Oilfields in Kazakhstan

Makhmut Usmanovich Usmanov



Collection: Helmond Museum.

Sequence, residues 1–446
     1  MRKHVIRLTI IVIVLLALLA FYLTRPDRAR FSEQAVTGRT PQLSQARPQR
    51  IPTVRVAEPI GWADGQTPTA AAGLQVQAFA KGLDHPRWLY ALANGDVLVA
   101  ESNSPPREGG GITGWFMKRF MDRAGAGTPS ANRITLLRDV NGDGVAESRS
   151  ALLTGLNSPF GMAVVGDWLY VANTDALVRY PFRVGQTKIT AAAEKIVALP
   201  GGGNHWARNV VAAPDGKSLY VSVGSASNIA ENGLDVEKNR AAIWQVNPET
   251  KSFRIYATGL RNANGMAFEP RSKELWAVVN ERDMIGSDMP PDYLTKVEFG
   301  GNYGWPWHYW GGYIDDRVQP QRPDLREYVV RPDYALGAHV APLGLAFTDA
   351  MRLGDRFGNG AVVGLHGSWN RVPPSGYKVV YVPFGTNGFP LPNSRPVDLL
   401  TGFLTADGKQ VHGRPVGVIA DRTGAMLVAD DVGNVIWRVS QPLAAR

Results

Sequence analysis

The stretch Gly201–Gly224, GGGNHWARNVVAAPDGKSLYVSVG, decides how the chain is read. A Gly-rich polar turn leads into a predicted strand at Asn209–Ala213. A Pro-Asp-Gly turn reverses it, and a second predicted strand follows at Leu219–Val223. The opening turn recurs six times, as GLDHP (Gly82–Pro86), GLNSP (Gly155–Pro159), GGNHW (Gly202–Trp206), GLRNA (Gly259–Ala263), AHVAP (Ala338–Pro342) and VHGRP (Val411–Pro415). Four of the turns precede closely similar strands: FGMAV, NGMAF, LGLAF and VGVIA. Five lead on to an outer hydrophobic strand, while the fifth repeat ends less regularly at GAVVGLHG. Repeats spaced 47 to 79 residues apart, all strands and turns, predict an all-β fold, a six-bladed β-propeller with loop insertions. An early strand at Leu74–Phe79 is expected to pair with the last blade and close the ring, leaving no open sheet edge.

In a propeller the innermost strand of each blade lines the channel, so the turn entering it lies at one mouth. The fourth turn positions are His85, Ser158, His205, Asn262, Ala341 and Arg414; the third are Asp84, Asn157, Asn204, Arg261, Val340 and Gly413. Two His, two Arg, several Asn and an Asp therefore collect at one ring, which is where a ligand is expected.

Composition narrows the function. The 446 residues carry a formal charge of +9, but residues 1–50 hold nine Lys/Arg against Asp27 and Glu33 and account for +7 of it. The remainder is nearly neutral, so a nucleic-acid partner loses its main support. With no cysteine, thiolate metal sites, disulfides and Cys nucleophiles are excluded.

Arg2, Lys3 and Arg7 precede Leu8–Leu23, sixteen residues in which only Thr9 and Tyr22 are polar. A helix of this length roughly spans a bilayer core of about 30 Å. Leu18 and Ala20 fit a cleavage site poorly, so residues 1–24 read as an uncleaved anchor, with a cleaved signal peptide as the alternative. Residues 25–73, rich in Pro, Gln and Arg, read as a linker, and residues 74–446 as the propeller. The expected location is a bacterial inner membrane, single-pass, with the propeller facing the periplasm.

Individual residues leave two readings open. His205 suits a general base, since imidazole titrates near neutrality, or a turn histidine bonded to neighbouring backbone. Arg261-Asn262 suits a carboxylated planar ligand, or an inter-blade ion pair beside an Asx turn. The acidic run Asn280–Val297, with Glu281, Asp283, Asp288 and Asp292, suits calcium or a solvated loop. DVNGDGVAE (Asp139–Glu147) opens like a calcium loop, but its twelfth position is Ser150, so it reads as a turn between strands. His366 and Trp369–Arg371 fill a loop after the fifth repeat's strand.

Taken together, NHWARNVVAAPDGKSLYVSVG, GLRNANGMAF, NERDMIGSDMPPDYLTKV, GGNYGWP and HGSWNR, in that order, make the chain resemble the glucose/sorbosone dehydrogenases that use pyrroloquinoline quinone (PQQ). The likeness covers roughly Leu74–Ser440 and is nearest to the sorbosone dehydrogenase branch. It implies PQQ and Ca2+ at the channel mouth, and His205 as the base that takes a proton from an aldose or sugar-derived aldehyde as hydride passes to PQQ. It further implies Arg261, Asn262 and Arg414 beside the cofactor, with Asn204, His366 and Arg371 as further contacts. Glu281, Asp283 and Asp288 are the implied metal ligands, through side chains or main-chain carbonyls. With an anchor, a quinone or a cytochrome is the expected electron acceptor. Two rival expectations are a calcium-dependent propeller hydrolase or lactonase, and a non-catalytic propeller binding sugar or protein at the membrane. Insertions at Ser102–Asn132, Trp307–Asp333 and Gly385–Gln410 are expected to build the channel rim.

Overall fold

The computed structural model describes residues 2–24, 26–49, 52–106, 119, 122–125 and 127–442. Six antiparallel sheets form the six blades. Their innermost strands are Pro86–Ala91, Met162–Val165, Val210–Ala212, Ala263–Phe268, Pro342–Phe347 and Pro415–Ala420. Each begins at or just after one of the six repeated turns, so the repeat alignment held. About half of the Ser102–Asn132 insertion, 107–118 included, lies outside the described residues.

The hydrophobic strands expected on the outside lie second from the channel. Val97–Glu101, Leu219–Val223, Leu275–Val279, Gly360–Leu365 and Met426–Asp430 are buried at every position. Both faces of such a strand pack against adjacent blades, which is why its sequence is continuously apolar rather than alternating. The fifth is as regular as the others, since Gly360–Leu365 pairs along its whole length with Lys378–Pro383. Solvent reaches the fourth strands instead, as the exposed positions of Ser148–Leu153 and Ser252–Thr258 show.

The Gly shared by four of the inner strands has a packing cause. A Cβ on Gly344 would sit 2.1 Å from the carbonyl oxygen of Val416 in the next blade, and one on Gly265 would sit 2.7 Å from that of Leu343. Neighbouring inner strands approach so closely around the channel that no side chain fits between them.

Makhmut Usmanovich Usmanov (1918–2006) was an artist living in Kazan, the capital of the Republic of Tatarstan, Russia, who received many honours during the era of the USSR. A member of the USSR Union of Artists, Usmanov worked with the Socialist Realist method, and was commissioned by the Soviet regime to produce paintings of the Soviet socialist utopia. Usmanov was also amongst the first to use the subject of oil as a theme in the early 1950s. After the Second World War, Usmanov mainly worked in the so-called ‘industrial landscape’ genre, that was firstly less strictly defined within the Socialist Realist method, and was also relevant following the discovery of a gigantic oilfield in Tatarstan. By the 1950s in fact, the republic was the leading place for oil production. Oilfields in Kazakhstan reflects the ethos across the Soviet Union of labour relations, investment in national resources, and their contribution to the building of a better collective future. It depicts ‘the morning’ – literally and symbolically – of oil production in the region. Both heroic and romantic in its expression, the painting is intended to show ‘reality in its revolutionary development’. Also, compositionally speaking, the painting presents a glorious future for the exploration of the industrial field in Tatarstan – the men in the centre are positioned on the wild, ‘untouched’ land, while their eyes are directed to the left where we see explored land with a construction zone and oil pipes. Oilfields in Kazakhstan also demonstrates how the method of Socialist Realism was adopted across the different Soviet republics, and which despite its strict and obligatory conception under Soviet ideology, remained open to a diversity of methods and approaches.

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